Among different ways to say No in Spanish is Bajo ningún concepto, which is stronger than all Spanish No’s we mentioned before. We translate it to English as By no means or Under no circumstances. You can use it to deny something.
Bajo ningún concepto volveremos a discutir lo mismo.
Under no circumstances will we discuss the same thing again.
No, mil disculpas
Now, a more formal way to say No in Spanish is No, mil disculpas. It means No, my apologies. However, the expression literally means No, thousands of apologies.
¿Tiene una habitación más grande?
Do you have a bigger room?
No, mil disculpas. Esta es la única habitación que tenemos disponible en este momento.
No, my apologies. This is the only free room we have at the moment.
Just like some previous examples of Spanish for No, like Bajo ningún concepto o De ninguna manera, Para nada serves to point out the negation of something. It means No way but a literal meaning would be For nothing.
¿Te ha gustado la comida en el restaurante de ayer?
Did you like the food in that restaurant we went to yesterday?
¡Ay no, para nada! Era tan picante que no podía ni tragar.
No way! It was so spicy I couldn’t even swallow it.
Me encantaría, pero no puedo
I would love to but I can’t is the translation of this Spanish No.
¿Te vienes al cine con nosotros?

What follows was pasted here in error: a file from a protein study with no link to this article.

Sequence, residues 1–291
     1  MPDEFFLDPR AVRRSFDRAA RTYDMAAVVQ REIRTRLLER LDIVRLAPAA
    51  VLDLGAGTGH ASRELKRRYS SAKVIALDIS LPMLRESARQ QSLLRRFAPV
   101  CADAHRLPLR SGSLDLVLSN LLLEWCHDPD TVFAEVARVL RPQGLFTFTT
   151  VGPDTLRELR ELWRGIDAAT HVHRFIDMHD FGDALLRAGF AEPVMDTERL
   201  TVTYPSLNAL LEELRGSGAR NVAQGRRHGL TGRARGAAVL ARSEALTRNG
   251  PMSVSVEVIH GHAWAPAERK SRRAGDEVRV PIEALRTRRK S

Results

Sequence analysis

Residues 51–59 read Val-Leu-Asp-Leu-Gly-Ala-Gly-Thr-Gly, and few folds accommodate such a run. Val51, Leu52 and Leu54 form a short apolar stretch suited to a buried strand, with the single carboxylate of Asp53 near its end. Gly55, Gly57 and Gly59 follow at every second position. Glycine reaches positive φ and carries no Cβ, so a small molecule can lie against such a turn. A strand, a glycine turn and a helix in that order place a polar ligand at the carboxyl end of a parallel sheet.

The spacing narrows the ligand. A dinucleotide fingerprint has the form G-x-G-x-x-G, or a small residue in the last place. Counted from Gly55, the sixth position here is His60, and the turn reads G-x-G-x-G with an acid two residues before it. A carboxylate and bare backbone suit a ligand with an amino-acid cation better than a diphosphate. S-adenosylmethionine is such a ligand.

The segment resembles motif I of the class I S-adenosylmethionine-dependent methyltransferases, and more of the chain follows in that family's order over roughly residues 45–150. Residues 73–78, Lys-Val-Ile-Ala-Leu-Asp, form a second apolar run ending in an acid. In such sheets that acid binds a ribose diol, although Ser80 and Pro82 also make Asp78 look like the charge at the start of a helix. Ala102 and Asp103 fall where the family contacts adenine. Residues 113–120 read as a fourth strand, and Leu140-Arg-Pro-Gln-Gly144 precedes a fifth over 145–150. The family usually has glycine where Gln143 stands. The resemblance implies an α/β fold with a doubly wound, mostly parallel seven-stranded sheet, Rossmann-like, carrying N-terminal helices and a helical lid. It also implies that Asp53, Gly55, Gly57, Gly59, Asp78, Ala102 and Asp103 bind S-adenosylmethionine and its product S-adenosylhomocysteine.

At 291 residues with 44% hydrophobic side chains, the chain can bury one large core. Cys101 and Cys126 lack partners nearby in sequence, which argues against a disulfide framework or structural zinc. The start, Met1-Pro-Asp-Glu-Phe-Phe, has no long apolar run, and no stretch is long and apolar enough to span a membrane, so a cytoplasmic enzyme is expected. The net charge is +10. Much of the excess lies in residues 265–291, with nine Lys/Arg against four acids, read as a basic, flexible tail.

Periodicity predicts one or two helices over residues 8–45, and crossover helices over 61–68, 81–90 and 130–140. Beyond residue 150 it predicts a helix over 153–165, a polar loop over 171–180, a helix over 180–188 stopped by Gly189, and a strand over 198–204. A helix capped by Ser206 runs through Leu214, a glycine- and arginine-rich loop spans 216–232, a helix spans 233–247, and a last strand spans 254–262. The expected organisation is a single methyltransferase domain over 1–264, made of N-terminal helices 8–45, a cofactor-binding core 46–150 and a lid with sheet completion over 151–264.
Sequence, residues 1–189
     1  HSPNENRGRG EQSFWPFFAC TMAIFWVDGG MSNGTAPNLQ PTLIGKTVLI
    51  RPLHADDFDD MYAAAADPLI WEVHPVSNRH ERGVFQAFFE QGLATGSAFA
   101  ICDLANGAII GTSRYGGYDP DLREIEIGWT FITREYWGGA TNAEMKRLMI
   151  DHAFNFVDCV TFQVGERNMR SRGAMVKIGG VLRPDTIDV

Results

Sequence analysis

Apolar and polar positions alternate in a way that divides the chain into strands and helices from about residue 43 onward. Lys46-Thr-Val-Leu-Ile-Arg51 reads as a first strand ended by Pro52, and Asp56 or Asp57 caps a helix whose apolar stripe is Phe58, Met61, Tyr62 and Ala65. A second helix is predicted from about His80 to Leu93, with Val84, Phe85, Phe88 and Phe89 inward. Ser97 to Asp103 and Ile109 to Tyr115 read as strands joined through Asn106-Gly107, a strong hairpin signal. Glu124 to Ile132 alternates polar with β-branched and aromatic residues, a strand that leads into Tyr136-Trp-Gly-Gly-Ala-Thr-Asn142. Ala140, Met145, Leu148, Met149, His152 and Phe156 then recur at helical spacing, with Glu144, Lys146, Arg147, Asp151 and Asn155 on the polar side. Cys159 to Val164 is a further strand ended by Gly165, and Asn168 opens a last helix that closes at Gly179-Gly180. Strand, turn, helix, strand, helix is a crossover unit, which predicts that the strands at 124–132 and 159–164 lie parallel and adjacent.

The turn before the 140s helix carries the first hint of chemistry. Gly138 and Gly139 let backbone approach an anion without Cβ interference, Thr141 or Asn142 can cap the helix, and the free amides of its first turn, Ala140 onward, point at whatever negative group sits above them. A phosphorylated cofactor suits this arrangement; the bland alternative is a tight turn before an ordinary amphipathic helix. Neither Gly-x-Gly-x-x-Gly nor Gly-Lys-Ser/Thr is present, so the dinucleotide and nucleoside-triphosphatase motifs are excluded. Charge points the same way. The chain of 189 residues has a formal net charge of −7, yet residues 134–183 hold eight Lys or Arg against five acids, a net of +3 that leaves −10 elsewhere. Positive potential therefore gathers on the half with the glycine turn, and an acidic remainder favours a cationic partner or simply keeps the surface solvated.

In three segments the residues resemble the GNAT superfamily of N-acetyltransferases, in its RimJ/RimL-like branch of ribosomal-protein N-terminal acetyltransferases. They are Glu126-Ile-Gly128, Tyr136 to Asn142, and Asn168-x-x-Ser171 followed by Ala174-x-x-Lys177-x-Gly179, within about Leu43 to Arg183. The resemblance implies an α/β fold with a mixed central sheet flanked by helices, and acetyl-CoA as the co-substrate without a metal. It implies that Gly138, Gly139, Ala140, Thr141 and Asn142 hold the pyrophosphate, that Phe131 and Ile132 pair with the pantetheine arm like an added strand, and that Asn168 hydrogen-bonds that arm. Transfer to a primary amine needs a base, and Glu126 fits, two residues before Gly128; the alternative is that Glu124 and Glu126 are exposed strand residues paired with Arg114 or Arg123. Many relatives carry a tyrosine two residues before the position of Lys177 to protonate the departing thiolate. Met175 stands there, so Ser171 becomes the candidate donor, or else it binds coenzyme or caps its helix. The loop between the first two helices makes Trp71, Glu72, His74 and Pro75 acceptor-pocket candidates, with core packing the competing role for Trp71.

Are you coming to the movies with us?
Me encantaría, pero no puedo. Tengo mucho trabajo por terminar hoy.
I would love to but I can’t. I have a lot of work to finish today.
Suena bien, pero no
How do you say No in Spanish when you don’t want to offend someone by rejecting them? You say Suena bien, pero no, meaning It sounds good but no. You can add a Thank you afterwards to soften the rejection.
Tu plan suena bien, pero no. Esta vez me quedo en casa para estudiar.
Your plan sounds good but no. This time, I’m staying home to study.
No, lo siento
How to say No in Spanish but still sound courteous? Try saying No, lo siento. It means No, I’m sorry. It’s similar to No, mil disculpas, just a bit softer (without that much apologizing).
Hola, ¿sabe si los bancos abren hoy?
Hi, do you know if banks open today?
No, lo siento. No tengo ni idea.
No, I’m sorry. I have no idea.
Saying No In Spanish In a More Casual Way
There are more casual ways to say No in Spanish than the formal and polite ones. Some of them are colloquial and used as swear words. You will often hear these types of Spanish No’s all over Spain.
Obvio que no
Obviously not or Obvio que no is a casual Spanish for No. Here’s how you can use it:
No queremos perder más clientes. Por favor, pongan atención a esta tarea.
We don’t want to lose any more clients. Please, pay attention to this task.
Obvio que no, nosotros nos encargamos de eso.
Obviously not, we will take care of it.
Va a ser que no
Another Spanish for No you can use is Va a ser que no. We translate it as Probably not. This one has less of an impact if you are trying to reject someone or something.
¡Vamos al concierto el sábado!
Let’s go to the concert on Saturday!
Va a ser que no esta vez. Estaré fuera de la ciudad este fin de semana.
Probably not this time. I’m out of town this weekend.